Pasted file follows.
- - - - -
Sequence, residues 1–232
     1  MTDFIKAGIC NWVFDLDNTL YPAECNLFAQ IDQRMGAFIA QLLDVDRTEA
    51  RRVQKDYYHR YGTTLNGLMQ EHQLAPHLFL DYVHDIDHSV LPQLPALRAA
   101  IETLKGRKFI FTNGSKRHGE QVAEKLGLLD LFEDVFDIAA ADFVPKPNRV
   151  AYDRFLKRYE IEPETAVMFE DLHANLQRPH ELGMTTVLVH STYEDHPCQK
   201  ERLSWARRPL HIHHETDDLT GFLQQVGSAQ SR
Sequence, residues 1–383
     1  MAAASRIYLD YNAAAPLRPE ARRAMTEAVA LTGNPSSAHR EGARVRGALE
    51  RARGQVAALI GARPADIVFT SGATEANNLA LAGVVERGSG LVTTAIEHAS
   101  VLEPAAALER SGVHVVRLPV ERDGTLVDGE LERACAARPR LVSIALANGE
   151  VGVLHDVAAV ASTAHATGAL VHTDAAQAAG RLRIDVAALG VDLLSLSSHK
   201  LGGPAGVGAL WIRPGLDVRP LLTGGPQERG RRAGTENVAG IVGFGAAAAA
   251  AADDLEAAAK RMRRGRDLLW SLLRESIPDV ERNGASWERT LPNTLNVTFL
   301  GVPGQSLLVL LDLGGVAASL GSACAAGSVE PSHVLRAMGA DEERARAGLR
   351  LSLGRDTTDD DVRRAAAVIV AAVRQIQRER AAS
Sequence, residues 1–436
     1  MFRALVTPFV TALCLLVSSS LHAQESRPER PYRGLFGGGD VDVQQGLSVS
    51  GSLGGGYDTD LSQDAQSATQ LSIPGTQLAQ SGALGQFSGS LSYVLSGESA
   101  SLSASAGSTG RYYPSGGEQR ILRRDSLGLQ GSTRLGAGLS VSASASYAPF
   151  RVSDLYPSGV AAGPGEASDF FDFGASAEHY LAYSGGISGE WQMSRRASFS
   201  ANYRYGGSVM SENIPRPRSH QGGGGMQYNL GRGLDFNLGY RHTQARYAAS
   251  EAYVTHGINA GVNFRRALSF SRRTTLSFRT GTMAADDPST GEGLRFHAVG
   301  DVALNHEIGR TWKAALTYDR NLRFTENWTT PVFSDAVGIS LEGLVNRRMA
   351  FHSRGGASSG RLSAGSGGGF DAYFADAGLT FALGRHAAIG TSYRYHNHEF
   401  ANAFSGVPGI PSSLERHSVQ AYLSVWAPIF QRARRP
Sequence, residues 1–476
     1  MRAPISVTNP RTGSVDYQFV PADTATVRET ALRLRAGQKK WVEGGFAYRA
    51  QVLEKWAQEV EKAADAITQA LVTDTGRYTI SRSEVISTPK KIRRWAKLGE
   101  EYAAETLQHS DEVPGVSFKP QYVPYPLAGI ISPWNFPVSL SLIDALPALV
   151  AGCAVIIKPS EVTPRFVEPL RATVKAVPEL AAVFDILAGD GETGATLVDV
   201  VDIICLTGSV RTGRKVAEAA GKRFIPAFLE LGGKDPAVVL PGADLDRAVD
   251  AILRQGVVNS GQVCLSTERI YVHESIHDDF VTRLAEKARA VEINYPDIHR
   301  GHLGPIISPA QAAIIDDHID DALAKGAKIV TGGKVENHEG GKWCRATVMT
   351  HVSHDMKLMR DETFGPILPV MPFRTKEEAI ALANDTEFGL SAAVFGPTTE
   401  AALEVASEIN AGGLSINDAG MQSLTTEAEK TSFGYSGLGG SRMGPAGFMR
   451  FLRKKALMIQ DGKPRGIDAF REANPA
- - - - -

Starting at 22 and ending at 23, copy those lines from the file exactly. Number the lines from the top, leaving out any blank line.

   251  EAYVTHGINA GVNFRRALSF SRRTTLSFRT GTMAADDPST GEGLRFHAVG
   301  DVALNHEIGR TWKAALTYDR NLRFTENWTT PVFSDAVGIS LEGLVNRRMA